An introduction to the arena of biomimetic inorganic chemistry will be presented, including extensive discussion of the structure and function of metalloenzymes. This section will emphasise how the principles of nature can be applied to the rational design of metallic species capable of controlled nitrogen, carbon dioxide, carbon monoxide and methane activation.
Principles of Medicinal Chemistry
An introduction to the principles of medicinal chemistry including synthesis, natural product isolation, lead generation, lead optimisation and quantitative structure-activity relationships will be presented. The principles of parallel and combinatorial synthesis will be presented in this context.
Natural Products and Bio-Polymers
DNA/RNA, terpenes and alkaloids. Concept of natural molecules as targets and leads. Introduction to the biosynthesis of these compounds.
The practical exercises will provide students with "hands on" experience in the synthesis and analysis of molecules of medicinal and biological relevance.
Tutorials will be used to reinforce the concepts introduced in lectures.
Specific Course RequirementsAttendance is compulsory at all scheduled chemistry practical sessions.
The University's policy on Assessment for Coursework Programs is based on the following four principles:
- Assessment must encourage and reinforce learning.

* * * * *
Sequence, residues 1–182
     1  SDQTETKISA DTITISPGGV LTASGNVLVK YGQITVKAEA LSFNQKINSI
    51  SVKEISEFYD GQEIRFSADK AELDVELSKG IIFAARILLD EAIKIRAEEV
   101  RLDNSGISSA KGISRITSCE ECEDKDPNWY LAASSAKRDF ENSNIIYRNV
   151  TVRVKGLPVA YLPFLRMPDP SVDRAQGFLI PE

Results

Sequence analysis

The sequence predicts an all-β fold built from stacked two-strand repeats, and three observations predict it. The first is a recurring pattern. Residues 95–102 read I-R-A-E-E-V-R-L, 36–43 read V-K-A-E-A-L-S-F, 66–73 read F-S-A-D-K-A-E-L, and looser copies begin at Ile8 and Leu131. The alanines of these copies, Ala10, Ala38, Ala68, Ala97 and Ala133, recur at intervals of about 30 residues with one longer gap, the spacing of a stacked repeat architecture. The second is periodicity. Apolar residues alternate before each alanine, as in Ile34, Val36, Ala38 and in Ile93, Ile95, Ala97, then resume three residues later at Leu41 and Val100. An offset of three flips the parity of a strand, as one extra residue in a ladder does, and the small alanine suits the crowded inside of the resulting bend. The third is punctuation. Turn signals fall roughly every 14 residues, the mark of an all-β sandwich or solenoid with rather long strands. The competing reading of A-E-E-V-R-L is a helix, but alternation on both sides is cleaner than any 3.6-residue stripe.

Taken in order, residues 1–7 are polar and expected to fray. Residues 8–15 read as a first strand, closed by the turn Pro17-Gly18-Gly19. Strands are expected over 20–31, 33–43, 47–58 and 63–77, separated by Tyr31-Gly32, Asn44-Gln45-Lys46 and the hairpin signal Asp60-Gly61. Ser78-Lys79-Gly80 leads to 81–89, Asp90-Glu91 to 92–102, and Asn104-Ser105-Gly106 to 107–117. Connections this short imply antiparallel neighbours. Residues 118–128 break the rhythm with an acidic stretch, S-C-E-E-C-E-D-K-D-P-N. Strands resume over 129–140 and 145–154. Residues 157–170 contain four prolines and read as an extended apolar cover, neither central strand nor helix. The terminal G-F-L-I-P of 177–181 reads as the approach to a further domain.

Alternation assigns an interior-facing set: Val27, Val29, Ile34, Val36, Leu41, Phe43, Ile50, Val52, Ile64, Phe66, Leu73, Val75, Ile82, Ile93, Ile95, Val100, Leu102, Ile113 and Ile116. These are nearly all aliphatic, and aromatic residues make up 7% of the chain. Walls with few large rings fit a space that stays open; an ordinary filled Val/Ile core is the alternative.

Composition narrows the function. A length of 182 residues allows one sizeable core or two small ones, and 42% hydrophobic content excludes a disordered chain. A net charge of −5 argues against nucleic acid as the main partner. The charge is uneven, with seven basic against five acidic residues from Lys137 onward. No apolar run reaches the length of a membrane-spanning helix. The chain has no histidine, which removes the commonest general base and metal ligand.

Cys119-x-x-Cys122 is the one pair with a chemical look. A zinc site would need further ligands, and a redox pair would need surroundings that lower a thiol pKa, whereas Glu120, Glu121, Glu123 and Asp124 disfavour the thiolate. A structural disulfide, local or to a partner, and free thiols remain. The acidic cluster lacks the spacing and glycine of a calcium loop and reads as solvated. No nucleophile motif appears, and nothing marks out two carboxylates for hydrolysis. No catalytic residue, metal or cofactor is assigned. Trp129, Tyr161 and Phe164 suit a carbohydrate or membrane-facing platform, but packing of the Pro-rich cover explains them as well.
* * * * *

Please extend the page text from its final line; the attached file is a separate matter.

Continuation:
- Assessment must enable robust and fair judgements about student performance.
- Assessment practices must be fair and equitable to students and give them the opportunity to demonstrate what they have learned.
- Assessment must maintain academic standards.
Assessment task Type of assessment Percentage of total assessment for grading purposes Hurdle (Yes/No) Outcomes being assessed Assignments Summative 10% No 1 – 6 Extended Practical Report Summative 5% No 6 Practical Reports Formative & Summative 25% No 1 – 6 Exam Summative 60% Yes (45%) 1 – 6
Assessment Related Requirements
Attendance is compulsory at all scheduled chemistry practical sessions. The learning outcomes for this course are substantially dependent on laboratory experience and practice. Therefore, missing any practical class in a semester will result in a grade of FAIL being recorded for the course
To pass this course students must:
- Attend all scheduled chemistry practical sessions; and
- Attain a minimum of 45% for the exam:
Students who attain a final course grade of at least 45% but do not attain a minimum of 45% for the exam may be offered an Additional Academic Exam during the Replacement/Additional Assessment period, in line with the Modified Arrangements for Coursework Assessment Policy.
This assessment activity specifically covers lecture course content and is designed to encourage students to engage with the subject matter through the semester (4 short-answer assignments). The assignments are supported and enhanced by students’ participation in tutorials.